All posts by Deepi Harish

Deepi Harish is a published storyteller who has written for Bon Appétit, Huffington Post, Post City Magazines, China Daily and more. She’s a Toronto-based writer that covers food, tech, travel and Toronto-themed stories. Deepi spends her spare time testing out baking recipes and claims she makes the world’s best banana bread without a fancy mixer, just an everyday fork.
food from heydays restaurant at the june motel sauble beach

We Tried The June Motel’s Heydays Restaurant, Here’s Everything You Need to Order

It’s undeniable that motels are having a moment right now – their convenient COVID-safe accessibility (no shared elevators or indoor hallways!) means that escaping the work-from-home life in favour of a countryside motel has never been more appealing. Enter: The June Motel in Sauble Beach, Ontario’s answer to your getaway dreams, and the subject of Netflix’s latest docuseries Motel Makeover.

After the major success of their first June Motel in Prince Edward County (an influencer’s oasis that boasts a Rosé All Day vibe), moteliers April Brown and Sarah Sklash set their sites on Ontario’s Sauble Beach, known for its glorious sunsets and beachy small town feel. Motel Makeover follows the duo as they transform a 40-plus year-old motel and restaurant in Sauble Beach into an easy, breezy, perfectly Instagrammable destination.

The patio of Heydays restaurant at The June Motel Sauble BeachThe patio of Heydays restaurant at The June Motel Sauble Beach

Naturally, we had to see what all the hype was about, so we took a road trip to The June Motel in Sauble Beach to see the motel and eat at the restaurant for ourselves. Read on for our comprehensive thoughts.

Related: 3 Things You Need to Order From Viaggio in Toronto

What You Need to Know About Heydays, The June Motel’s Restaurant
Helmed by Chef Fred Laliberte (previously the creative visionary behind popular Toronto spots like Bobbie Sue’s Mac + Cheese, Poutini’s House of Poutine and Hawker Bar), Heydays Sauble Beach is an indoor-outdoor restaurant that serves elevated beach casual cuisine with a strong spotlight on seafood. In true June Motel fashion, the décor of the restaurant matches the aesthetic of the rest of the motel – with a sunbaked colour scheme, relaxed bohemian touches and hipster décor undertones, both the motel and restaurant feel like a Pinterest board come to life.

The exterior of Heydays restaurant at The June Motel Sauble BeachThe exterior of Heydays restaurant at The June Motel Sauble Beach

Must-Order Dishes

New Brunswick Oysters

Oysters at Heydays restaurant at The June Motel Sauble Beach

Our dinner started with New Brunswick Oysters served with lemon, cocktail sauce and freshly grated horseradish. Truthfully, we’ve had some bad oyster experiences in the past, so we were skeptical, but these were the best oysters we’ve ever had – they were delicate, briny, and had that delightful shock of freshness we’re always looking for.

Related: Tasty Indigenous Restaurants in Canada That You’ll Love

Charred Broccoli Caesar

Charred broccoli caesar salad at Heydays restaurant at The June Motel Sauble Beach

Next, we tried the Charred Broccoli Caesar; it had the right level of char and just the right amount of bite to the broccoli. Plus, no good Caesar is complete without shaved parmesan and they were extremely generous with the cheese (just the way we like it!).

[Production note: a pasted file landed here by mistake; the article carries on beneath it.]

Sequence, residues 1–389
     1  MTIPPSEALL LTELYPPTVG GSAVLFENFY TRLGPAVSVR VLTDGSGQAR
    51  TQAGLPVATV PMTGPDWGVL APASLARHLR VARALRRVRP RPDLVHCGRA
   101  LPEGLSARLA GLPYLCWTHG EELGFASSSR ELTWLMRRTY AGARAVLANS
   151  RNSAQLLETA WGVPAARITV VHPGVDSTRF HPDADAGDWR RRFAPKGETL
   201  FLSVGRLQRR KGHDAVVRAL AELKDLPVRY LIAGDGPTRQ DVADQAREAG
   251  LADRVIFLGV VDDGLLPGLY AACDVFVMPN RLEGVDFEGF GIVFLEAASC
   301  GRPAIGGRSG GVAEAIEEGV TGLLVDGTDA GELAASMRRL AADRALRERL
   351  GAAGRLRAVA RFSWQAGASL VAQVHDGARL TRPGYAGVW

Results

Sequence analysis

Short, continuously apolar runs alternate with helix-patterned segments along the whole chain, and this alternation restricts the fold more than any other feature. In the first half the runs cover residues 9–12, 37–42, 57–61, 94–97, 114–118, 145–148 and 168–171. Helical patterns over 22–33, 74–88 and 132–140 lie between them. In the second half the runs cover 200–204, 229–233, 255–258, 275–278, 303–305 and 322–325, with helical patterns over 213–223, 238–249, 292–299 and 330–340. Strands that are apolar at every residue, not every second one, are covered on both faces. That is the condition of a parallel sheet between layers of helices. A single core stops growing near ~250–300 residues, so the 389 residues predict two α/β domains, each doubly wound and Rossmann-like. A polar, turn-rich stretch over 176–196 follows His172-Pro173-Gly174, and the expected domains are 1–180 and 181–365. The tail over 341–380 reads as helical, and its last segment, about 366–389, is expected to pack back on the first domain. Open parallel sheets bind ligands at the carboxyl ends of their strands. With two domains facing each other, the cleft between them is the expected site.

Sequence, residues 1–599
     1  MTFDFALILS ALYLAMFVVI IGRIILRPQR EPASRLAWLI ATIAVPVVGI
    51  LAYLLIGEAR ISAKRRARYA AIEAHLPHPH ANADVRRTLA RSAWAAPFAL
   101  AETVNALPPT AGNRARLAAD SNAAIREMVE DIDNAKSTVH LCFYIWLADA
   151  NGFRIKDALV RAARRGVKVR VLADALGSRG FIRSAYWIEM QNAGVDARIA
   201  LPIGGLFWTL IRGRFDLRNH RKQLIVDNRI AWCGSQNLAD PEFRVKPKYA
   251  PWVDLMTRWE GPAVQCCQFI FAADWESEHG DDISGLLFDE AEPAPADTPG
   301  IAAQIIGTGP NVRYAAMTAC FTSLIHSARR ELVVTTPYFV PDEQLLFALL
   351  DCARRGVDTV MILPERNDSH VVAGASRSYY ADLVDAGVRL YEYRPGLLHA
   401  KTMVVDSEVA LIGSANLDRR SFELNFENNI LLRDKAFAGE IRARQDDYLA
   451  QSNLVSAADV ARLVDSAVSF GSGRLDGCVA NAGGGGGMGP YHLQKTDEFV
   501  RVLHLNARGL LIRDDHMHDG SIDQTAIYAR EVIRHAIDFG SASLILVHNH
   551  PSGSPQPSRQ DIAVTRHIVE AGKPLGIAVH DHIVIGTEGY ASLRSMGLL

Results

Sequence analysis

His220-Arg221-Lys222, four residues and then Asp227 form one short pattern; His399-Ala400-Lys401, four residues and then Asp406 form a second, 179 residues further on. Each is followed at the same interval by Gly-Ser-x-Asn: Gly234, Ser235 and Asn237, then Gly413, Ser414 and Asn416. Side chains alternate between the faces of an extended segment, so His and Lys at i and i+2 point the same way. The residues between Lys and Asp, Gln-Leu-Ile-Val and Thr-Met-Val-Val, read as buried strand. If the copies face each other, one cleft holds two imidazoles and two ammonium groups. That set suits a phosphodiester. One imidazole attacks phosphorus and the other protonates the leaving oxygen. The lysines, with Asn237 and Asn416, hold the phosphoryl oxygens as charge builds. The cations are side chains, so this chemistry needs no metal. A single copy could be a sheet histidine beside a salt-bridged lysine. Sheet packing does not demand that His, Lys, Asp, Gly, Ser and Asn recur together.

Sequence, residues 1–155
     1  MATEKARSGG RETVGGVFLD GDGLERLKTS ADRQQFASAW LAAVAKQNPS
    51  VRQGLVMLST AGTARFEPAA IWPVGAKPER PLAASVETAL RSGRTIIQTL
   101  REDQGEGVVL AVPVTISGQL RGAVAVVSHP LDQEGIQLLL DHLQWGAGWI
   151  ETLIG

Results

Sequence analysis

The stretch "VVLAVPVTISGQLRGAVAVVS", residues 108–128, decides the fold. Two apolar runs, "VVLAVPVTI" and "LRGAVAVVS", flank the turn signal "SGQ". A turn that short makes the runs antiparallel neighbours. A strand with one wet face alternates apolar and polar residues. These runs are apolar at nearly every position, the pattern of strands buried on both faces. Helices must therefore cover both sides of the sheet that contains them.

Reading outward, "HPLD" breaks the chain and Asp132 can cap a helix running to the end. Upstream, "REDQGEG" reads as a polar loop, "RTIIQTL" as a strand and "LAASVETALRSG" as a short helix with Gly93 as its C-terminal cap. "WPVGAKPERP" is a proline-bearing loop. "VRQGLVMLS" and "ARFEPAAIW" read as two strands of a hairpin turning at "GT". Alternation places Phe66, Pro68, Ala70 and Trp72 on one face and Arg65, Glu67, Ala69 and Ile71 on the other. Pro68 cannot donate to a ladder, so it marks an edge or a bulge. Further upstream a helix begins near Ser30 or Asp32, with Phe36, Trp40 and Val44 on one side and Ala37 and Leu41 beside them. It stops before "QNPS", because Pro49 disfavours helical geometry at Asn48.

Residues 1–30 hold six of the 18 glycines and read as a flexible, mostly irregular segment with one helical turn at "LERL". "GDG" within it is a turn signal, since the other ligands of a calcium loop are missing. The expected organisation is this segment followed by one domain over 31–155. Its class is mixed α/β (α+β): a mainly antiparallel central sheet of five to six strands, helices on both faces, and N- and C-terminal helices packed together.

Hot Lobster Roll

A hot lobster roll at Heydays restaurant at The June Motel Sauble Beach

The signature Hot Lobster Roll tasted as satisfying as it looked; lovely chunks of lobster meat and crunchy leaves of lettuce were loaded into a soft, buttery, toasted bun. The charming vintage feel of the dish felt perfectly suited to the retro ‘70s vibes of the restaurant.

Crispy Skin Local Trout

Crispy local skin trout at Heydays restaurant at The June Motel Sauble Beach

The Crispy Skin Local Trout was equally as delicious – it sat on a bed of green lentils, capers and fresh herbs with a side of charred lemon. We’re addicted to crispy skin on fish, so we were happy that each bite had that crisp that wasn’t overdone but rather a lovely texture contrast to the inside of the fish.

Related: The Owner of Toronto’s Craig’s Cookies Shares His Secrets to Sweet Success

The Bevvies

No trip to The June Motel would be complete without a glass of wine, and the wine selection at Heydays is a delightfully curated range of high and low options. They also serve up a great selection of canned drinks and cocktails perfectly suited for the hot weather. We had the Planters Punch to start, Heydays’ version of a rum punch made with fresh fruit – it was lovely and tropical. Then we switched to Map Maker’s Sauvignon Blanc from New Zealand, a creamy, dry, fresh white with flavours of lime, gooseberry and passionfruit. It was a perfect companion to our meal.

 

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Bonus: Brunch!

After a memorable dinner, we couldn’t resist going back to Heydays the next morning to try their weekend brunch menu. The Lobster Benedict (sweet lobster on an English muffin with a poached egg and hollandaise sauce) was the perfect way to cap off a sunny weekend, and the buttermilk pancakes with fresh berries was the sweet treat we needed to balance out the luscious savoury dish. Heydays nails it when it comes to serving up high quality comfort food.

Photos courtesy of Lauren Miller.

3d printed meat on plate from Aleph Farms

Is 3D-Printed Meat the Next Big Thing? (And How It Really Tastes)